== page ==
Travelling to Sierra Leone requires a fair amount of planning and flexibility so we advise arranging as much as possible in advance. Keep in mind that Sierra Leone is still one of the poorest countries in the world, therefore do not expect everything to work as it would in more developed countries.
If you are going to be on holiday, it is probably not the place if you always desire the finest things in life but nevertheless, Sierra Leoneans will welcome you with open arms and wide smiles. It is a beautiful and enchanting country.
All persons entering Sierra Leone must have a valid passport or travel document. Citizens of the Economic Community of West African States (ECOWAS) do not require a visa to enter the country, but citizens of all other countries do. Everyone needs a work permit. It is not advisable to try and get a visa on arrival as some flights will not allow you to board for Sierra Leone in the first place. Visas are issued at Sierra Leone’s overseas missions but if there isn’t one in close proximity then have a look at our visa service page to see how we can help you get one.
A vaccination certificate for yellow fever is required if traveling to and from certain areas. Consult the National Travel Health Network and Centre (NaTHNaC) (https://www.nathnac.org/travel/index.htm) or the Centres for Disease Control and Prevention (https://www.cdc.gov/travel/) for up to date travel health information. You should take anti-malaria tablets and consult your doctor or specialist travel clinic at least six to eight weeks prior to travel regarding other health precautions for traveling to tropical regions. If you travel outside of Freetown, there will be fewer opportunities for health care, particularly in remote regions. Even in Freetown services are significantly more limited than you would have at home.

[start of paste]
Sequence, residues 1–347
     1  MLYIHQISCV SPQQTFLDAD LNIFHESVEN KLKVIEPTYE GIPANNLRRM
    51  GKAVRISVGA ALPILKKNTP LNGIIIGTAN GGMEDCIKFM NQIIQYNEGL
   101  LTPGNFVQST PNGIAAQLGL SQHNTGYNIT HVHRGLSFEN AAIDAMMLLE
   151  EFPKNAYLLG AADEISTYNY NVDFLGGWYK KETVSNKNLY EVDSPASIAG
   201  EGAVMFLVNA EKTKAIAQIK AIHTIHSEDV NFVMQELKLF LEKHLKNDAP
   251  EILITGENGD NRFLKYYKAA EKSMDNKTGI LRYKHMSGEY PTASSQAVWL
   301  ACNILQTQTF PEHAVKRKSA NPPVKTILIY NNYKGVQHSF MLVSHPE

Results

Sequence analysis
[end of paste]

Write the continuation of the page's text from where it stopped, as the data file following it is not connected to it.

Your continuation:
We advise that visitors purchase comprehensive travel insurance covering injury, illness, death, delayed lost or damaged baggage and personal belongings. A medical evacuation policy should be added to your coverage.
Credit card use in Sierra Leone is very limited. You can now withdraw cash at ATMs for some major banks (Ecobank, Access Bank, UBA, Rokel Bank) and visa machines (POS) are being installed at some select business. However, the majority of transactions are done in cash. When bringing cash, big denominations of the Dollar are better and it is best to bring 2006 and later series. You should definitely avoid 1996 series as it is rejected by many businesses and some banks. All services provided by Visit Sierra Leone can be settled in advance using your credit card through Paypal.
As Sierra Leone continues to develop, it is becoming more attractive to international chains and the Radisson Blu is now operational whilst the Cape Sierra Hilton Hotel is under construction. Still, some of the better hotels in Sierra Leone would probably be 3-star hotels if ranking internationally. Bear in mind that even though you may be staying at one of the more expensive hotels, the service can still be a bit suspect. Other options include renting a room with a Sierra Leonean family, or staying in one of the cheaper guesthouses in the centre of town. For longer stays have a look through our Real Estate listings.
The people of Sierra Leone welcome visitors and are proud to show off their country. There are few social restrictions, though sensitivity is suggested in the more rural areas. English is widely spoken in Freetown though Krio and tribal languages are more prevalent in the countryside. Translators are available.
Always ask permission before taking pictures of nationals. In most cases they will be happy to comply, especially if you promise to send them a copy of the picture! But if you promise, be sure to follow through!